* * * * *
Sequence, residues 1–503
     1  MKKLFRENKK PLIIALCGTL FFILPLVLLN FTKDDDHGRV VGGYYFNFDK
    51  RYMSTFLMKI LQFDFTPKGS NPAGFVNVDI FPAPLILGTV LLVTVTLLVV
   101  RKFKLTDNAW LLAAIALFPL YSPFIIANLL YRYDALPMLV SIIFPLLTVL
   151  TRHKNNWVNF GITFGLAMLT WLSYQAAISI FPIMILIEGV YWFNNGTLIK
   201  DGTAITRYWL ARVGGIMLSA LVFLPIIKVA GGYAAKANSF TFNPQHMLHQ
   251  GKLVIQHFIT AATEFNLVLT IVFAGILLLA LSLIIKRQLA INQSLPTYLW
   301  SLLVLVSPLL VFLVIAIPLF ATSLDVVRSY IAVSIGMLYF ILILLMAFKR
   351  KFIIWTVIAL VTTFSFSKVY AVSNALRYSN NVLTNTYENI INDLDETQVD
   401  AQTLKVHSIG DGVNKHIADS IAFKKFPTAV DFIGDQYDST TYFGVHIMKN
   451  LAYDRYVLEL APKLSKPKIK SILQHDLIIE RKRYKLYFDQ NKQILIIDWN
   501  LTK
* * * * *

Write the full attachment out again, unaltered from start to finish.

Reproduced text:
Sequence, residues 1–503
     1  MKKLFRENKK PLIIALCGTL FFILPLVLLN FTKDDDHGRV VGGYYFNFDK
    51  RYMSTFLMKI LQFDFTPKGS NPAGFVNVDI FPAPLILGTV LLVTVTLLVV
   101  RKFKLTDNAW LLAAIALFPL YSPFIIANLL YRYDALPMLV SIIFPLLTVL
   151  TRHKNNWVNF GITFGLAMLT WLSYQAAISI FPIMILIEGV YWFNNGTLIK
   201  DGTAITRYWL ARVGGIMLSA LVFLPIIKVA GGYAAKANSF TFNPQHMLHQ
   251  GKLVIQHFIT AATEFNLVLT IVFAGILLLA LSLIIKRQLA INQSLPTYLW
   301  SLLVLVSPLL VFLVIAIPLF ATSLDVVRSY IAVSIGMLYF ILILLMAFKR
   351  KFIIWTVIAL VTTFSFSKVY AVSNALRYSN NVLTNTYENI INDLDETQVD
   401  AQTLKVHSIG DGVNKHIADS IAFKKFPTAV DFIGDQYDST TYFGVHIMKN
   451  LAYDRYVLEL APKLSKPKIK SILQHDLIIE RKRYKLYFDQ NKQILIIDWN
   501  LTK